them, 'ow go your way.' And my
wives have got to do one of two things,
either round up their shoulders to enduro
tlie afflictions of this world, and live
their religion that is, polygamy or
they must leave; for I will not have
them about me. I will go to heaven
nlono rather than to have scratching
and fighting about me. I will set all at
liberty. What, first wifo too? Yes,
liberate you all. I want to go some
where or do something to get rid of the
whiners." Upon which tho Chicago
Post makes the following indignant
"To the thousands of miserable Mor
mon women whoso youth has been
passed in the seraglios of tho saints, and
who are now faded, wofii and spiritless,
encumbered with children, destitute.
and without employment or prospect of
honorable marriage, tins is very much
as if ho had said: 'There is the lake; if
you aro dissatisfied with your life in the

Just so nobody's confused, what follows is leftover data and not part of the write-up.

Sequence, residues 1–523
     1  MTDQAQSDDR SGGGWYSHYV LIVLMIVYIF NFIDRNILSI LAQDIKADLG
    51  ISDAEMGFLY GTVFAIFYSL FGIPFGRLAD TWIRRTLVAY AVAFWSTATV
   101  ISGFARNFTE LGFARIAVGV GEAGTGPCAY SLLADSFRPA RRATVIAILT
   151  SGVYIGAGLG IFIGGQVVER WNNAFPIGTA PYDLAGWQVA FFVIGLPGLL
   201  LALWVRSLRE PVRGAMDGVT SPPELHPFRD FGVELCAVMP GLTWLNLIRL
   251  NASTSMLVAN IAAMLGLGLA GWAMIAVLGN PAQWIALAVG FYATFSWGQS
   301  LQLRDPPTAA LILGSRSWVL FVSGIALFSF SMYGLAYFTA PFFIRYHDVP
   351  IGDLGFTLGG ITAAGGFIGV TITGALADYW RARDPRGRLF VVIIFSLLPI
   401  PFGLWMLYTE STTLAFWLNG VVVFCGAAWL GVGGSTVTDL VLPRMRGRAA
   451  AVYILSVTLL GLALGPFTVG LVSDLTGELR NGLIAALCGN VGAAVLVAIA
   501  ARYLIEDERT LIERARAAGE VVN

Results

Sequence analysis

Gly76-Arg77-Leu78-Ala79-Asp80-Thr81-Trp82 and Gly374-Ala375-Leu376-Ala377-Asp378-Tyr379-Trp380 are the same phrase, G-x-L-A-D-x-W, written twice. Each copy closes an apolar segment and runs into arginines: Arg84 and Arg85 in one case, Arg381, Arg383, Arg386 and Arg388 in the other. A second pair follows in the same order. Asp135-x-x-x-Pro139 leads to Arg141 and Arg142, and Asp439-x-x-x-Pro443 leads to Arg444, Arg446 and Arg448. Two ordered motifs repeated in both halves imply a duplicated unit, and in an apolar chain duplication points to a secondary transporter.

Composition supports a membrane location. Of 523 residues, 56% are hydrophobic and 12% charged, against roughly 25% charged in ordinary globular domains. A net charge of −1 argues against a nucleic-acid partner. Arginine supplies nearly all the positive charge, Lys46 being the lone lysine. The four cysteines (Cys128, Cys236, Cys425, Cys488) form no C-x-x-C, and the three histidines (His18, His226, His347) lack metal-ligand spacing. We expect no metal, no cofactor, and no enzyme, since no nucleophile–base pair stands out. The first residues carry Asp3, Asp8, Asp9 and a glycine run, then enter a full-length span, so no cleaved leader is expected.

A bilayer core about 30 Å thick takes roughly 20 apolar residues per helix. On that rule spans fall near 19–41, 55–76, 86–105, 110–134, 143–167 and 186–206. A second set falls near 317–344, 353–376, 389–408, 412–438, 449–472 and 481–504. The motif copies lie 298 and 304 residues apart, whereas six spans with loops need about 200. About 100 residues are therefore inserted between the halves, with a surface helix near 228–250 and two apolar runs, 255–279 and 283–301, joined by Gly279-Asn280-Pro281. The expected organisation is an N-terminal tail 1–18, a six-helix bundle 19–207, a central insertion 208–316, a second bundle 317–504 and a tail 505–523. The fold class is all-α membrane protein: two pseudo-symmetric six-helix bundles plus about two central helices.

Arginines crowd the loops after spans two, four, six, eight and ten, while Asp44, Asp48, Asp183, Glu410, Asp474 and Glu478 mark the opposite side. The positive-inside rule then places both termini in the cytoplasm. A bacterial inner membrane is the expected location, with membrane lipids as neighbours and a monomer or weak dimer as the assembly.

harem, quit it. Go drown.' It is evi
dent that Young has resigned all
thoughts of maintaining polygamy, and
when it finally has to be abandoned,
will get rid of it as indicated, simply by
turning the plural wives out of doors.
No laws, it is obvious, need be aimed at
polygamy itolf. It is now entirely
dead. But this wrong against the vic
tims of the system which, iu view of its
destruction, is being planned by tho
Mormon leaders, should be prevented.
The least compensation that they should
oe iorceu to maKo to these women is the
payment of precisely such sums as. in
case of divorce for adultery of the Iius-
uauu, tuo courts would order paid to the
wife. An act of Congress should be
passed authorizing judgment therefor
on suit of any Mormon wife, and the
judgment should be a lieu not only on
the property or tho iiusbaud, but or